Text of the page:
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AltAusterity Digest #64 September 6-12, 2018

This week in Austerity News:

Sep 14, 2018

Greek prime minister Alexis Tsipras has pledged to raise wages, cut taxes, and increase welfare spending. Claiming that the Greek economy has now stabilized, Tsipras’ anti-austerity measures will include reducing a property levy for the most disadvantaged citizens, lowering VAT taxes and corporation tax rates, and reinstating collective bargaining. These measures come as Tsipras and his Syriza party are dipping in the polls. Despite running on an anti-austerity platform in 2015, Syriza implemented further austerity measures, in large part under the directorship of the European Commission, the International Monetary Fund and the European Central Bank.

The rating agency Standard and Poor’s (S&P) has downgraded seven Chinese local-government’s ratings on the view that local governments are less likely to provide bailout funds to companies tending towards default. In the state-owned corporate sector, investors often lend on the basis of government connections rather than credit fundamentals. While investments in public goods such as transport or sewage still have strong government support, the state’s competitive sectors are less likely to receive government bailouts.

A Huffington Post article discusses a study that links the 2008 economic collapse, austerity, and the rise of Sweden’s far right. The Swedish election on Sunday saw neither the right-bloc or left-bloc of political parties take a majority. The failure to form any majority is in part attributable to the Sweden Democrats – the rightwing, anti-immigrant, Eurosceptic party – taking 17.6% of the vote. The study discussed connects how Sweden’s shrinking welfare state and liberalized labour market have led to concerns around the distribution of limited state resources. These concerns have increasingly included anti-immigration sentiments from certain sections of the electorate.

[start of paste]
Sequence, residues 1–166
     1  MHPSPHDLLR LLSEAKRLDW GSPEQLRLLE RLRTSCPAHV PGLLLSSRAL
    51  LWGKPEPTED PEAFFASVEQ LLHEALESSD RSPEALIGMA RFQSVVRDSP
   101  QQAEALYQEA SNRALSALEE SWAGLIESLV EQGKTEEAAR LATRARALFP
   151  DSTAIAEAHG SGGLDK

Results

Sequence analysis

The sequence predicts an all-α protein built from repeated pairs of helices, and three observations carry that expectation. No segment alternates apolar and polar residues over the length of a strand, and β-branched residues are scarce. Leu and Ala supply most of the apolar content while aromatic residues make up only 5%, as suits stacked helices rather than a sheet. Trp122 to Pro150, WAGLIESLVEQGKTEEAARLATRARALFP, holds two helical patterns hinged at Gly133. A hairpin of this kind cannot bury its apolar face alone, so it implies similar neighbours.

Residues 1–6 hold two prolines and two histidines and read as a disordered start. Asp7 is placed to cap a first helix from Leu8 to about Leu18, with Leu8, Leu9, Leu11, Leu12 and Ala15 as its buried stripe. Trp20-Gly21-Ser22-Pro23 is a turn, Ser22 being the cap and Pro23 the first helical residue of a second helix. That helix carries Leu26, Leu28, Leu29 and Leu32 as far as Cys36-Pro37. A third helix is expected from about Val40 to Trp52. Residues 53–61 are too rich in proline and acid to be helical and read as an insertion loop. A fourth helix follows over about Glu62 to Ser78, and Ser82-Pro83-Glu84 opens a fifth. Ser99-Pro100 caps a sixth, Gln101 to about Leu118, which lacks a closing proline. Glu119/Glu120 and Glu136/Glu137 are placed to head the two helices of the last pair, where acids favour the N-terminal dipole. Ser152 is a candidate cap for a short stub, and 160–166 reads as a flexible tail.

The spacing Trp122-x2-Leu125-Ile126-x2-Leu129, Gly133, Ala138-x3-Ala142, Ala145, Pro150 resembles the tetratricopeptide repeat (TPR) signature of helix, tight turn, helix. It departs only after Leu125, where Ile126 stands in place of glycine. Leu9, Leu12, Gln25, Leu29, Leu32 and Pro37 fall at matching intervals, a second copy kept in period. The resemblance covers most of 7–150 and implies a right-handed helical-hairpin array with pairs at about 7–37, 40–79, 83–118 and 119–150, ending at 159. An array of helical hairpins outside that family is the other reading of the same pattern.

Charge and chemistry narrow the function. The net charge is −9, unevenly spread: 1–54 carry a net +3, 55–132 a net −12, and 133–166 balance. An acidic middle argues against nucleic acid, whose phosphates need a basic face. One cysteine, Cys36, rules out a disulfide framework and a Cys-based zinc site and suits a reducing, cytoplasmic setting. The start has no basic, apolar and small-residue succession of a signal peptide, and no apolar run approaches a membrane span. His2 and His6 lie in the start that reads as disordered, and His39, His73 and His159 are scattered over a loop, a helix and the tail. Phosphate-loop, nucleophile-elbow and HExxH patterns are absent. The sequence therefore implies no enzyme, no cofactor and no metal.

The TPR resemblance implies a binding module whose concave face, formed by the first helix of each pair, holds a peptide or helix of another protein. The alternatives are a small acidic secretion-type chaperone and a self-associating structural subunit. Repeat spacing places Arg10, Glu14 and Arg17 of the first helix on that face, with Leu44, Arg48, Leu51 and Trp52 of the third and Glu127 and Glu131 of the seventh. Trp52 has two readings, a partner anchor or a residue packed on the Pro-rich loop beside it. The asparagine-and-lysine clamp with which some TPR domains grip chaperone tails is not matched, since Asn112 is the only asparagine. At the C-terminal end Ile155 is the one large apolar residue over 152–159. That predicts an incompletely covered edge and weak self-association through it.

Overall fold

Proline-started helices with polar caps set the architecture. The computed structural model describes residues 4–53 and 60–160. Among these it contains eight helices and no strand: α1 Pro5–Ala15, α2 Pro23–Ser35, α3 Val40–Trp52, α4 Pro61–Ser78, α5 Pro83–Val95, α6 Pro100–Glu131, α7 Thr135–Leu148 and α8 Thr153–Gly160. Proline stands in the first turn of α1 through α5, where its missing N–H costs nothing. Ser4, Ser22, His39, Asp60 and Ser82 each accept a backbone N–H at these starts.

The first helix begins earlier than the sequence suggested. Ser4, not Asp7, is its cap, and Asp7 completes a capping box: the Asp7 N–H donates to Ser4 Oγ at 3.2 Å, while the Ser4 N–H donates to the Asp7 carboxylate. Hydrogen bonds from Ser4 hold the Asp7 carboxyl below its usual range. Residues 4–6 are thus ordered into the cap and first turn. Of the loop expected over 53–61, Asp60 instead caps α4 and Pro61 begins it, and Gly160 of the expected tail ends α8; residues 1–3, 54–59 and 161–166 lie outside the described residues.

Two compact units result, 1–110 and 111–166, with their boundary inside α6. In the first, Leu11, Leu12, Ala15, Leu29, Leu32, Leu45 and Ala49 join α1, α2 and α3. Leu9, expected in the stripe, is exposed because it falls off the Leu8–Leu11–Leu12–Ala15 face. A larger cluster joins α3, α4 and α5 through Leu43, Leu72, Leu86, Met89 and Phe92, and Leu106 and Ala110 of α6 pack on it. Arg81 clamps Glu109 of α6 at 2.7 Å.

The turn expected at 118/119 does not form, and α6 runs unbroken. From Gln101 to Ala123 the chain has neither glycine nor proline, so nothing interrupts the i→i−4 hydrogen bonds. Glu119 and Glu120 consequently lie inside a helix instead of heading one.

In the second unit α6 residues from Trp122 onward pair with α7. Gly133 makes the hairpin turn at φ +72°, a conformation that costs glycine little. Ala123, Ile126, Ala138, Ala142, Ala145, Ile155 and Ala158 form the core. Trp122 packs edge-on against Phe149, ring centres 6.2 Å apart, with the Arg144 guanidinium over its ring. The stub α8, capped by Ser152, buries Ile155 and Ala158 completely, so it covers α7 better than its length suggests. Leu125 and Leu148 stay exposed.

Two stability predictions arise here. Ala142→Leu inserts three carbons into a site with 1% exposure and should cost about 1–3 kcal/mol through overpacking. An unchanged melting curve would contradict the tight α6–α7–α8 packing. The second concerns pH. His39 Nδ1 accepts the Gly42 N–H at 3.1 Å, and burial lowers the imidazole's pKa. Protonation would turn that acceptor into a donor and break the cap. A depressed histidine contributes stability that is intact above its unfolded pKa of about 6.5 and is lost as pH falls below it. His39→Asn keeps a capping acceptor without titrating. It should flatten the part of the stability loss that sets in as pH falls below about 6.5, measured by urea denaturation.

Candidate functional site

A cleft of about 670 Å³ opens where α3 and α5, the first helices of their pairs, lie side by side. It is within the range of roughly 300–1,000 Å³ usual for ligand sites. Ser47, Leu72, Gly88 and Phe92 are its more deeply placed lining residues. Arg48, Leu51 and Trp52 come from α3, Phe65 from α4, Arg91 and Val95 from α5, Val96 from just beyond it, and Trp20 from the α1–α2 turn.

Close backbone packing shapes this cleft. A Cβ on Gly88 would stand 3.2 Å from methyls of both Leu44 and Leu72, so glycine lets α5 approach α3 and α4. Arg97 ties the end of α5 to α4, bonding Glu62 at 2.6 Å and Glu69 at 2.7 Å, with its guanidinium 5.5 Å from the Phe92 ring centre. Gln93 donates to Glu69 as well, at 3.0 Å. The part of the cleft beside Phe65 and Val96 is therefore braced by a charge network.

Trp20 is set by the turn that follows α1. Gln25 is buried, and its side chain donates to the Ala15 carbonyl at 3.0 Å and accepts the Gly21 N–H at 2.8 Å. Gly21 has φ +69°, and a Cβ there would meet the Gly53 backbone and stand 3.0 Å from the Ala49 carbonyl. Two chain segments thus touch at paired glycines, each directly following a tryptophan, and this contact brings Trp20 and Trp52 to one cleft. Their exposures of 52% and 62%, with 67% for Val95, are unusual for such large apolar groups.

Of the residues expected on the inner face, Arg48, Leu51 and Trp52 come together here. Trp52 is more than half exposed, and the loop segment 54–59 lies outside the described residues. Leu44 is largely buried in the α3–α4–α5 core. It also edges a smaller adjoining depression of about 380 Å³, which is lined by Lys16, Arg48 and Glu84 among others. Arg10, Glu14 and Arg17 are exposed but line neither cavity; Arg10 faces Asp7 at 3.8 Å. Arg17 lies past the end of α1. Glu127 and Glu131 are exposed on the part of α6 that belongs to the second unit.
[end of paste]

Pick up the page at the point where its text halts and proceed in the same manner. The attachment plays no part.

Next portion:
As Hurricane Florence approaches landfall across the South Eastern United States, it has been found that the Trump administration transferred nearly $10 million away from the Federal Emergency Management Agency (FEMA) in cuts to training, IT security and infrastructure investments. The funds were instead redirected to Immigration and Customs Enforcement (ICE), which has been forcefully separating families at the U.S.-Mexico border and deporting undocumented residents. The transfer was initiated by the Department of Homeland Security, which told Congress that ICE needed an extra $200 million. An internal report released by FEMA earlier this year has acknowledged the failures of its disaster response to Hurricane Maria in Puerto Rico last year, citing understaffing as one of its key issues.

That's it for this week's Digest! Check back next Friday morning for another edition, or subscribe to our newsletter for a weekly roundup. We'll also Tweet each time we add new content, so you can keep up with our work @AltAusterity and join the #altausterity conversation!